Duluth, MN (OpEdNews) April 8, 2010 Robert J. Samuelson has published a column entitled "The Politics of Self-Esteem: Why everyone feels offended" in NEWSWEEK magazine dated April 12, 2010, page 24.
Samuelson does correctly state that "[p]urging moral questions from politics is both impossible and undesirable." So he and I agree on that much.
I also agree with him that moral questions "evoke deep values." As far as I am concerned, moral questions by definition always involve values and value judgments.
Inasmuch as political debate involves debate about competing possible courses of action that can be taken, political debate by definition involves values and value judgments about each possible course of action.
Now, the NEW YORK TIMES did at one time run a news-analysis story in which the author pointed out that President Barack Obama tends to structure his speeches around imaginary adversarial positions "made of straw" (as the author put it) known proverbially as straw men and straw women.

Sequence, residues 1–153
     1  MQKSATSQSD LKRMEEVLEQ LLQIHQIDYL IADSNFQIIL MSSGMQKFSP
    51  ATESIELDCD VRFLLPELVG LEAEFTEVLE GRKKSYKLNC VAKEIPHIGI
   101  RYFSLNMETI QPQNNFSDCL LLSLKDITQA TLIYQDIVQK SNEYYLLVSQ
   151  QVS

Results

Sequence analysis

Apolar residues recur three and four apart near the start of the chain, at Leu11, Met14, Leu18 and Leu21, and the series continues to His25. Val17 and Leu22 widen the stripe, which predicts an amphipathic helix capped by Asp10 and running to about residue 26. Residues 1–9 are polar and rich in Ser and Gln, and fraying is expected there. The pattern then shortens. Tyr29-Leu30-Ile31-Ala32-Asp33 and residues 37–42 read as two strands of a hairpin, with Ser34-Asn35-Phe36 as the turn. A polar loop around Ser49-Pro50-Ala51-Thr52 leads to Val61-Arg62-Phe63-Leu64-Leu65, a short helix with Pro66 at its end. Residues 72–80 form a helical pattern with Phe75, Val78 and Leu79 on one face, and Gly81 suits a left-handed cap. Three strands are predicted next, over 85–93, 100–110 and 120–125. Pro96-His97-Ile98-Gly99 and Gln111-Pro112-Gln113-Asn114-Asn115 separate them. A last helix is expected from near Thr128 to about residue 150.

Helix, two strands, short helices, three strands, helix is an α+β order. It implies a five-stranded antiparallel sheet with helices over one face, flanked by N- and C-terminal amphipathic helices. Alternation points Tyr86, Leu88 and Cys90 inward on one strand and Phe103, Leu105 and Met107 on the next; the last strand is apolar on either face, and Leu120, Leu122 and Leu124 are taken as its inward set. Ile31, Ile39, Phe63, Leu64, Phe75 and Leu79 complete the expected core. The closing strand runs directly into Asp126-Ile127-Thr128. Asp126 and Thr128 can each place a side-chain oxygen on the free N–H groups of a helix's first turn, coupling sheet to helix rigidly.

In terminology used by Aristotle in his famous treatise on civic rhetoric, President Obama has a strong tendency to engage in epideictic rhetoric, the kind of rhetoric that is centered on values and oftentimes tends toward seeing the world of values in terms of good versus evil, instead of competing goods, one of which the orator would prefer.